Investors are dumping South Africa

 ·23 Jan 2024

South Africa faces a capital exodus as investors disinvest in the country – having sold billions of the country’s stocks and bonds by the end of last year.

By the end of 2023, Coronation Fund Managers – one of South Africa’s largest asset managers – noted the South African investment industry was seeing widespread outflows, adding that the country will likely continue to lose money over the next several years due to the poor-performing economy.

According to the firm, although total assets under management increased by 5% year-on-year at R602 billion (30 September 2022: R574 billion), the average assets under management was flat at R620 billion (30 September 2022: R621 billion).

The group noted that this represents average net outflows of 10% across the assets under management.

“This can largely be attributed to industry-wide outflows from the global emerging markets asset class, as demand declined after a decade of weak performance, and to the contracting South Africa savings pool,” the group said.

The South African Reserve Bank (SARB) noted similar concerns in its Quarterly Bulletin in December 2023.

According to the SARB, portfolio investment liability flows recorded a significantly larger outflow of R41.9 billion in the third quarter of 2023, following an outflow of R4.6 billion in the preceding quarter as non-residents sold domestic debt and equity securities.

Additionally, non-residents’ net purchases of domestic debt securities of R23.2 billion in the second quarter of 2023 switched to net sales of R23.4 billion in the third quarter, while non-residents’ net sales of domestic equity securities moderated from R27.8 billion to R18.5 billion over the same period.

The SARB said several factors contributed to these fluctuations, with concerns about persistent inflation and the potential for central banks to maintain higher interest rates for longer playing a pivotal role. 

Consequently, the share of non-resident holdings in domestic government bonds dropped from an all-time high of 42.8% in March 2018 to 25.4% in October 2023.

This trend of capital flight continued in the JSE-listed shares market, with data from the bourse showing non-residents disinvested R427 billion in the country from January to September 2023.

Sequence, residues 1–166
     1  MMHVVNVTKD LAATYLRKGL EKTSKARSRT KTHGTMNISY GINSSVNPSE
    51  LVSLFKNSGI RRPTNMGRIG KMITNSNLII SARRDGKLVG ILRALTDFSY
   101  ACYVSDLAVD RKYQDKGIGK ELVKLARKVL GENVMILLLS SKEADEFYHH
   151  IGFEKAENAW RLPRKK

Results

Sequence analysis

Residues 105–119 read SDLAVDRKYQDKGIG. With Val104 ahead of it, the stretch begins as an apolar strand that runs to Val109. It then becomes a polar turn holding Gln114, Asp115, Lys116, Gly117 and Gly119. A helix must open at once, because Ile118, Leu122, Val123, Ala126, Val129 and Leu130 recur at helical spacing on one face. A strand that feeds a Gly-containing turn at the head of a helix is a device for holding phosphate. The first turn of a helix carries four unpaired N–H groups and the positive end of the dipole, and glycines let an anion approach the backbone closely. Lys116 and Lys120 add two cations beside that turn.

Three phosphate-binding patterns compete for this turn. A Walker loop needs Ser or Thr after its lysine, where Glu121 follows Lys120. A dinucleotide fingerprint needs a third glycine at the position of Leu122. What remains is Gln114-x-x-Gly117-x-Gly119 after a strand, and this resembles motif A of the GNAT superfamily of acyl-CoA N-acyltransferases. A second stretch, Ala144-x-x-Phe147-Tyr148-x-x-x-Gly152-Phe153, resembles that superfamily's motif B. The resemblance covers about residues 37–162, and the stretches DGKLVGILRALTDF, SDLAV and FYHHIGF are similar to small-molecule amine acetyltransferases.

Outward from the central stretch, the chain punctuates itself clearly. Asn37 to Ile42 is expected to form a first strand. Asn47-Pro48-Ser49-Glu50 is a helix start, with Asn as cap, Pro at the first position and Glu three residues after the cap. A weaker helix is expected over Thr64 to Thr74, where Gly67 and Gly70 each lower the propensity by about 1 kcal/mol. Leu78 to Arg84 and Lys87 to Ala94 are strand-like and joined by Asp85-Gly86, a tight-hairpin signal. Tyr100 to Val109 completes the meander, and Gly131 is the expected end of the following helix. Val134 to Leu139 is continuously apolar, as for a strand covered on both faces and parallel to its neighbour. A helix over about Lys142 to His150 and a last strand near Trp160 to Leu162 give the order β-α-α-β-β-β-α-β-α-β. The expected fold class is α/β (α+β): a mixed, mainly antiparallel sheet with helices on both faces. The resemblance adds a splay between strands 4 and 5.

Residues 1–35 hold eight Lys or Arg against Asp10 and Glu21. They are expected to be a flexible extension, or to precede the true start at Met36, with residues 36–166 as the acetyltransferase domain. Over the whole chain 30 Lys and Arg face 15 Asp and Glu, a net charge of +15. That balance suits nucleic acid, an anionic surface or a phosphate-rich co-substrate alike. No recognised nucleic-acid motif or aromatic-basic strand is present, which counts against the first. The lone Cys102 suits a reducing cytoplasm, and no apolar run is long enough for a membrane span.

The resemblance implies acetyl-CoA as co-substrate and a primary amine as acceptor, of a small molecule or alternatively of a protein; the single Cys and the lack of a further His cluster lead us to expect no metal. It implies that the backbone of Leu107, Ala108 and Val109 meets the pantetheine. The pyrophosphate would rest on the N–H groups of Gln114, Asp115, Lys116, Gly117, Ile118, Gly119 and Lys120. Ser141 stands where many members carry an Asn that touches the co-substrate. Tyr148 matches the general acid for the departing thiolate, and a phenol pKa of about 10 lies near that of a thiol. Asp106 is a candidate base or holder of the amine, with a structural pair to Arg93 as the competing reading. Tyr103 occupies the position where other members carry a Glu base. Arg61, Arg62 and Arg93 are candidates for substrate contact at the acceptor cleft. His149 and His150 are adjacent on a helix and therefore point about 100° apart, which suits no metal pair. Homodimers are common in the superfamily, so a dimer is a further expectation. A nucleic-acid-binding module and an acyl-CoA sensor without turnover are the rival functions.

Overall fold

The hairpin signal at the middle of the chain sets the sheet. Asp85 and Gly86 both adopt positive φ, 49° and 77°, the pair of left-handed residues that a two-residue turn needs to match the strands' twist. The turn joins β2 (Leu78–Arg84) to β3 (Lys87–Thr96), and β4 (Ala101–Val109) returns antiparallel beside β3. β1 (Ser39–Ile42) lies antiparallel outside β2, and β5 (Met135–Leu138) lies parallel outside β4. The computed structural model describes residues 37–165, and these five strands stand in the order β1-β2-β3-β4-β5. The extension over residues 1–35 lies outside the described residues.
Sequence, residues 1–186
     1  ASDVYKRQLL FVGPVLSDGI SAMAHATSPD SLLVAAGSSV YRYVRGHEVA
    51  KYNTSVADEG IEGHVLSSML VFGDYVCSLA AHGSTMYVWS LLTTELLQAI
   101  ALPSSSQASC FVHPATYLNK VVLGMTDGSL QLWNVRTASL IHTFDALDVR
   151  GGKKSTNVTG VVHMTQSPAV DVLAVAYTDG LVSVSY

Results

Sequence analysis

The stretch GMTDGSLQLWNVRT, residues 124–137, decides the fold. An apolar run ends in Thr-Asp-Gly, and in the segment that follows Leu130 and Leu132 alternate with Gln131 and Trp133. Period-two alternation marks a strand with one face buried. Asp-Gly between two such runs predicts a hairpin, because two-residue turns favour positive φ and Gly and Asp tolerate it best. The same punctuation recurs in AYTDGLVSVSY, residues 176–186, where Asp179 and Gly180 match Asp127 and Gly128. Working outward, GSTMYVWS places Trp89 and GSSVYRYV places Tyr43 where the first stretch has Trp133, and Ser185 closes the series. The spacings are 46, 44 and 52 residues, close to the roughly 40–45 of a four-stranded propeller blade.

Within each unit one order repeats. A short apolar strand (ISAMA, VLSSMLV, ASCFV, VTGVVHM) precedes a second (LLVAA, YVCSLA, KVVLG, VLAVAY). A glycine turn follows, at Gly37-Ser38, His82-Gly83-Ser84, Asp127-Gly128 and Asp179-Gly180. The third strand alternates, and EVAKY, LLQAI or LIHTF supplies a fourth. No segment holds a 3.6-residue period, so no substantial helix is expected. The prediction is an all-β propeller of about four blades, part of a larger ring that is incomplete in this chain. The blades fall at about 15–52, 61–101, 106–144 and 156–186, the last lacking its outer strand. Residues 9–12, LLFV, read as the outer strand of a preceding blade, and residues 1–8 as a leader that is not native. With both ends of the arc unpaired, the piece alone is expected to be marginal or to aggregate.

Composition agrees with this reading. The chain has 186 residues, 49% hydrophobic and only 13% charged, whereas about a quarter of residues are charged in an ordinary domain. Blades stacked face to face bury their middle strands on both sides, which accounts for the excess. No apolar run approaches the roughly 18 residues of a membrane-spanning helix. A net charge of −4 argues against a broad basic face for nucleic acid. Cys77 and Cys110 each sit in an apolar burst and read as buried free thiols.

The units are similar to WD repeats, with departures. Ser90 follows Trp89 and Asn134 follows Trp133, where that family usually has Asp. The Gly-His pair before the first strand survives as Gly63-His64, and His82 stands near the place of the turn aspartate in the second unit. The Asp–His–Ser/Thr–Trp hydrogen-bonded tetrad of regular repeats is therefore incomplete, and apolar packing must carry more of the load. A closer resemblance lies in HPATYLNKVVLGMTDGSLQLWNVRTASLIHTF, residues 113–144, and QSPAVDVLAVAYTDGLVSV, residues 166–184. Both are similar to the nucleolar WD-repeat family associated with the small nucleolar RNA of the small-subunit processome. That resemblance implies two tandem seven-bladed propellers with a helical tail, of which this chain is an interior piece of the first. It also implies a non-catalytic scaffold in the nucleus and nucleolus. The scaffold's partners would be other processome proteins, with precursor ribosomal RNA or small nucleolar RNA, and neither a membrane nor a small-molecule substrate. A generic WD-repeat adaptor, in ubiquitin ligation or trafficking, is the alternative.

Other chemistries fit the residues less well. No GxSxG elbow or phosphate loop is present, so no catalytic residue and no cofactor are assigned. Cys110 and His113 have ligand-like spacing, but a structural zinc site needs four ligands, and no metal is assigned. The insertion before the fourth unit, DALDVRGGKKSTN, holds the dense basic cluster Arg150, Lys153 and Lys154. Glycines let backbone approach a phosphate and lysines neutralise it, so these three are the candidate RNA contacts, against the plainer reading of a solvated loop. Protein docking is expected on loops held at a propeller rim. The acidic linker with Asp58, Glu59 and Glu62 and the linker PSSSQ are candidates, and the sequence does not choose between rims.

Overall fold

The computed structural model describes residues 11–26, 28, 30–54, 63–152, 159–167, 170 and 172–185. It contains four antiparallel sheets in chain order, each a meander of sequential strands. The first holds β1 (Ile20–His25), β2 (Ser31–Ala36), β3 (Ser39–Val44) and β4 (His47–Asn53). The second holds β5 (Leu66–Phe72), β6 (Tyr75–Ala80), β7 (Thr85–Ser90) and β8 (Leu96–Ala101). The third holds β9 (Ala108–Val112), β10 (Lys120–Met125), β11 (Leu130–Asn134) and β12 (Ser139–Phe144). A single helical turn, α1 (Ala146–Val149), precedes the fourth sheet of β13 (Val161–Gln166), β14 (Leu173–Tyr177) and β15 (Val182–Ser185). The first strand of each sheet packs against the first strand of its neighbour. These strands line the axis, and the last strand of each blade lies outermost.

This includes bonds of R312 billion and equities of R116 billion – equating to monthly outflows of R26 billion per month.

The SARB said the prolonged sell-off was driven by concerns over the escalating Middle East conflict, poor domestic and global economic growth, and the impact of load-shedding in South Africa.

Impact on South Africa

Investment inflows and outflows have a significant impact on the South African economy.

research paper from the SARB’s Economic Research Department economists revealed the effect of net investment outflows on the South African economy.

In the paper, economists at SARB highlighted a strong connection between investment and economic growth, specifically in the context of South Africa’s reliance on foreign investment to offset the country’s poor savings rate.

According to the Reserve Bank’s Monetary Policy Review, South Africa witnessed substantial outflows from foreign investors during the first half of 2023.

The SARB attributed the significant outflows to local structural economic issues and geopolitical tensions caused by the country’s own actions.

South Africa’s largest asset manager, the Public Investment Corporation (PIC), has also flagged its concern about foreigners dumping local assets.

The PIC said geopolitical tensions have made investors risk-averse, leading them to sell emerging market assets, such as South African stocks and bonds.

This has caused capital to flow out of emerging markets and into safer assets, such as US dollar-denominated assets.

Read: South Africa faces a massive shake-up in 2024

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